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Police to probe Sandhurst ‘waterboarding’
August 19, 2018
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LONDON: Military police have launched an investigation into claims two officer cadets “waterboarded” a fellow recruit at Sandhurst academy.

The pair are alleged to have pinned down the victim and poured water over a cloth covering his face, a torture technique which creates the sensation of drowning.

Brigadier Bill Wright, commander of the military college in Berkshire, has ordered the probe into the incident, said to have taken place on Aug.7.

The three cadets involved have all been moved into separate platoons while the claims are probed, The Sun reported.

Both Prince William and Prince Harry attended Sandhurst, where all officers in the British Army are trained.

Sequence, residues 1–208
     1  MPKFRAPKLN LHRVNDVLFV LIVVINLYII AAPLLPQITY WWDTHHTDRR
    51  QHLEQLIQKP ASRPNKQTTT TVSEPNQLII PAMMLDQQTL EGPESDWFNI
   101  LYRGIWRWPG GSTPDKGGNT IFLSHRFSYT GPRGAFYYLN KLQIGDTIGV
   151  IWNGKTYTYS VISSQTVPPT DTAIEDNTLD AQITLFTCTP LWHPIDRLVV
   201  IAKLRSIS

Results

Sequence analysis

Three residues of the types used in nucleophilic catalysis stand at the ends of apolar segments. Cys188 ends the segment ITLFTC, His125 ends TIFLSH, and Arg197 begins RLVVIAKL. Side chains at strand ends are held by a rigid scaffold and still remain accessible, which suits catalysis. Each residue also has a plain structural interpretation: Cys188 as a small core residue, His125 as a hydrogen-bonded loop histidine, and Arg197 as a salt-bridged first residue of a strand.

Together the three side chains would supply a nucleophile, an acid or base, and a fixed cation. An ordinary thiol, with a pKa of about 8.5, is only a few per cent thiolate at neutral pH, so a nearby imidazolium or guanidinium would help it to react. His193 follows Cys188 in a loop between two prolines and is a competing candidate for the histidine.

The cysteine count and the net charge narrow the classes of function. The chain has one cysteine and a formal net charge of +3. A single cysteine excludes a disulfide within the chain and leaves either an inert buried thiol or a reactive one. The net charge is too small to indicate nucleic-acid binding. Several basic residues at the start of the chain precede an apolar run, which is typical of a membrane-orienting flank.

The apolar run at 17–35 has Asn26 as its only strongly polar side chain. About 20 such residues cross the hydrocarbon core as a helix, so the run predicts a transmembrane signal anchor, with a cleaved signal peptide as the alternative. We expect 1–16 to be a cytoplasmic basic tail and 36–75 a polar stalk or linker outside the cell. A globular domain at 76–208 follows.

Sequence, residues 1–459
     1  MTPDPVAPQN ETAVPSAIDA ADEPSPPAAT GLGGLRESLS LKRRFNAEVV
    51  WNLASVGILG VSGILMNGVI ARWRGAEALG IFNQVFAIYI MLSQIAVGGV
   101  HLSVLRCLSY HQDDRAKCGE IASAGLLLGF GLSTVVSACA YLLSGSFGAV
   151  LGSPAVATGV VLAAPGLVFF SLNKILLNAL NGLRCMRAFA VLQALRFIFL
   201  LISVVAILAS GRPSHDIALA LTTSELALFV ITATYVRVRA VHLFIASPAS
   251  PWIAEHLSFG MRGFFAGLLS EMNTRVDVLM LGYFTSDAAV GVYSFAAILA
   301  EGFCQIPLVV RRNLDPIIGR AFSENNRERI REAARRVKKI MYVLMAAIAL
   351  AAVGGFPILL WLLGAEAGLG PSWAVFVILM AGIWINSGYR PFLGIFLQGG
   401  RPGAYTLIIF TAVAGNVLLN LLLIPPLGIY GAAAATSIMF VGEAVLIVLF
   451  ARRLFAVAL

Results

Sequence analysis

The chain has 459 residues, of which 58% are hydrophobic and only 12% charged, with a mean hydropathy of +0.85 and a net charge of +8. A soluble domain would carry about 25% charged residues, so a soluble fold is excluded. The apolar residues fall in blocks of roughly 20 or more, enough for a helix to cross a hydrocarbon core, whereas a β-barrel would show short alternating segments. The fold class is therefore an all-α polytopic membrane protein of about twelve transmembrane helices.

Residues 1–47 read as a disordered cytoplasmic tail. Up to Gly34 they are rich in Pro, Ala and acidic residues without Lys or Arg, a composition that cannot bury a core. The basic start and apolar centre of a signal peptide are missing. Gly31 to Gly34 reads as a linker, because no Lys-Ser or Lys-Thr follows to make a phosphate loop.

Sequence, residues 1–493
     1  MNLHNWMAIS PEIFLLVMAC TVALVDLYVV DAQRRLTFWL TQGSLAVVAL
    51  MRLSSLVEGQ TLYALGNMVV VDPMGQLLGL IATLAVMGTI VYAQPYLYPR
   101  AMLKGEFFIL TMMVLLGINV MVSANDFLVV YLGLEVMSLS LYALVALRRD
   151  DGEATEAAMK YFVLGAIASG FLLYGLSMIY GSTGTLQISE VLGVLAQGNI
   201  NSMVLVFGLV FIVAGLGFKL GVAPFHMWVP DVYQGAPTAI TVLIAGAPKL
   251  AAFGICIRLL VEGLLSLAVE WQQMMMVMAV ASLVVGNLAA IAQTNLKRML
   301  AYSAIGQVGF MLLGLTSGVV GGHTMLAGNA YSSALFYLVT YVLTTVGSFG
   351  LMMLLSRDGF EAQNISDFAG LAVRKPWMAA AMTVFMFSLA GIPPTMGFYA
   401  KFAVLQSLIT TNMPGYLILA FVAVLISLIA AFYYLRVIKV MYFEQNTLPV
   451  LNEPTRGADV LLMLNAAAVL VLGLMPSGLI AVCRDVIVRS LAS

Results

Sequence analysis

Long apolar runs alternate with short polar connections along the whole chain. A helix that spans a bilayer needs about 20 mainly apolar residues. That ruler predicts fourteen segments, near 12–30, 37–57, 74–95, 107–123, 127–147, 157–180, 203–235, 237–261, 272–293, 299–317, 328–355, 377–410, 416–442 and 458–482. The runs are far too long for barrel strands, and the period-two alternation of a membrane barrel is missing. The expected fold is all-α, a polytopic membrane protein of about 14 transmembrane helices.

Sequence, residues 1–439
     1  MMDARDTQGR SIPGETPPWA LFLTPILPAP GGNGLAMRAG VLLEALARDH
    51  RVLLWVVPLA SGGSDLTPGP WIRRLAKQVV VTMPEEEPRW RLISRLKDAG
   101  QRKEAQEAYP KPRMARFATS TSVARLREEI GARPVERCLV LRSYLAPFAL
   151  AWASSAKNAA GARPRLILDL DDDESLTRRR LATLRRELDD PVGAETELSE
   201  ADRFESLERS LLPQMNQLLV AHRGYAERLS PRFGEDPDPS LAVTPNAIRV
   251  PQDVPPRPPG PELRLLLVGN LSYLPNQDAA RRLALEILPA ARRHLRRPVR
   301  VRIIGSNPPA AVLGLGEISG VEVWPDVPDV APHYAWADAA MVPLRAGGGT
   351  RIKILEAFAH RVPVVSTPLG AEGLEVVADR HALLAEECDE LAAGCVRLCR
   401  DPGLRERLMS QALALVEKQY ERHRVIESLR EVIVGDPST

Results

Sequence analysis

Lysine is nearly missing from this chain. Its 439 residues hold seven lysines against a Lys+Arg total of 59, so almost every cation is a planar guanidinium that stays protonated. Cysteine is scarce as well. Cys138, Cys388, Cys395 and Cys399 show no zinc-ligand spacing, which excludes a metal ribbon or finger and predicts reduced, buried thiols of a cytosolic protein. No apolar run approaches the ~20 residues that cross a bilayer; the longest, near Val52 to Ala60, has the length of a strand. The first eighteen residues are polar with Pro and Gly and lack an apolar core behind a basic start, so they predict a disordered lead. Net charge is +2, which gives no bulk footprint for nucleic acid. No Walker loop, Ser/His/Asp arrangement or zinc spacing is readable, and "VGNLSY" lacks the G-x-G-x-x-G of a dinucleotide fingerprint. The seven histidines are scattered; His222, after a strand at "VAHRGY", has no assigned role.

Brig Wright said: “I am aware of allegations about an incident at the Royal Military Academy Sandhurst on August 7 involving some of our officer cadets.

“I have ordered an investigation by the Royal Military Police. The Army and I expect the highest standards of behaviour at Sandhurst; anyone found to have fallen short is dealt with robustly, including dismissal, if appropriate.” The head of the Army, General Sir Nicholas Carter, introduced a new code of conduct three years ago in a bid to stamp out bullying.

He told Sandhurst cadets there would “no tolerance” of unacceptable behaviour.

Waterboarding was notoriously used by the CIA to interrogate suspects following the 9/11 terror attacks in 2001.

Earlier this year it emerged that MI5 and MI6, the British intelligence agencies, had put questions to prisoners who they knew had been waterboarded by American interrogators. The torture technique was banned in 2009 by then US president Barack Obama.

The Independent
 

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